Needle placement is a challenging problem for a variety of medical interventions, including brachytherapy or biopsy taylor2016medical . The force acting on the needle tip allows for inference about the currently penetrated tissue. This information can be used to navigate the needle and to prevent injuries of delicate structures okamura2004force . In order to distinguish tissue based on tip forces, it may be required to measure those with an accuracy of approximately Mccreery2008 . Tip forces cannot be measured with external sensors due to friction forces at the needle shaft kataoka2002measurement . Therefore, small-scale fiber-optical force estimation methods have been directly integrated into the needle tip. Several sensor concepts are based on Fabry-Pérot interferometry beekmans2017fiber and Fiber Bragg Gratings kumar2016detecting . Here, we consider a setting where optical coherence tomography is available, e.g., to study tissue deformation Otte2012 or to realize elastography Latus2017 . While OCT has been proposed for tip forces estimation before gessert2018needle ; gessert2019spatio , these approaches rely on the reconstructed gray value data. However, using the reconstructed data has two limitations. First, the signal processing is based on a number of assumptions which may cause some loss of signal information. Second, it does not incorporate the phase part of the complex OCT signal that is particularly sensitive to small axial shifts. Therefore, we explore whether the tip force estimation accuracy can be improved by directly using the raw spectral OCT data. Thus, we perform a calibration between the optical signal and forces applied to the needle tip with convolutional neural networks. We validate our approach with three different needles using a new, improved needle design.
2.1 Needle Design
We used an improved needle design for force estimation at the needle tip. A scheme and an image of the needle are shown in Figure 1. A brass tip with a piston is put on a brass sleeve such that it is able to perform a sliding motion inside of it. An epoxy layer between tip and sleeve acts as a spring. An optical fiber is embedded into a ceramic ferrule. The ferrule is positioned relative to the tip piston such that the light beam travels a distance of approximately through air until hitting the surface of the piston. For protection, the ferrule is embedded into a polymer tube which is glued to the brass sleeve. When forces act on the needle tip, the epoxy layer is compressed and the piston moves closer to the exit point of the laser beam which can be detected in the OCT signal. The diameter of the needle is .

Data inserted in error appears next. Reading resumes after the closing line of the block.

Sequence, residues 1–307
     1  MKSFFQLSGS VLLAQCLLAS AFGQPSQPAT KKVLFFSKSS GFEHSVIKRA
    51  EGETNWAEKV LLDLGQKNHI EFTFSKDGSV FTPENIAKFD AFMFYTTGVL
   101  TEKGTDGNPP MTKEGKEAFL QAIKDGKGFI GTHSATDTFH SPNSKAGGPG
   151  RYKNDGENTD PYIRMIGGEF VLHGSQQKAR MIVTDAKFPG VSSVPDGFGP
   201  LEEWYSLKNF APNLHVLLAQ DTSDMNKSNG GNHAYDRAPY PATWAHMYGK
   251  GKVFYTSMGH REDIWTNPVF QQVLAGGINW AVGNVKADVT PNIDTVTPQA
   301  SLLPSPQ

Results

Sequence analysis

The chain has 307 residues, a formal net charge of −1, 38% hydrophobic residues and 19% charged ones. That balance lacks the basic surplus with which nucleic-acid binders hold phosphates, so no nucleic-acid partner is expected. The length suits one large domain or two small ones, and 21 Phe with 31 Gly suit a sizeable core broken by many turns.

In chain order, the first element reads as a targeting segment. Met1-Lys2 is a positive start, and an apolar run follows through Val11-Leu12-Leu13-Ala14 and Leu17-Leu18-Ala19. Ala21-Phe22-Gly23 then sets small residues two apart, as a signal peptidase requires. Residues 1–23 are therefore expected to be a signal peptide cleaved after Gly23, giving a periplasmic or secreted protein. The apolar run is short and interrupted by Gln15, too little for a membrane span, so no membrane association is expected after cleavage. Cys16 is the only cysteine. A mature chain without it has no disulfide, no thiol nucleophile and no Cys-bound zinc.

In gessert2018needle the needle tip was constructed as a cone and attached to the needle shaft with a deformable epoxy layer. Thus, radial forces on the needle tip could easily tilt it. The improved piston construction has the advantage that it guides the tip in axial needle direction and prevents tilt. This contributes to a more reproducible signal, an important aspect in the calibration of the needle, and to the overall durability.
2.2 Calibration Data
We acquire calibration data for three custom build needles identical in construction. The data acquisition is performed similar to gessert2019spatio where a needle is driven against a flat surface with a stepper motor. The force in the axial direction of the needle is measured with a force sensor and recorded together with the associated raw OCT data. Approximately OCT-force pairs are collected for each needle for forces between and . We perform regular OCT data reconstruction, which includes the following steps:
Dechirping the data by resampling and interpolating to new sampling points, based on manufacturer specifications
Estimation of the DC spectrum using an exponential moving average with a damping coefficient of
Subtraction of the DC spectrum
Apodization by using a Hann window for filtering the spectral data
Fourier transform for mapping frequency values to spatial values
Selection of the absolute signal value as the final reconstructed intensity image
Throughout the reconstruction process, information can be lost due to the DC spectrum estimation strategy (2), the apodization (4) which eliminates high-frequency signal parts and the selection of the absolute signal value (6) as the final image. Figure 2 shows an excerpt of the collected data, both in raw (left) and reconstructed form (right).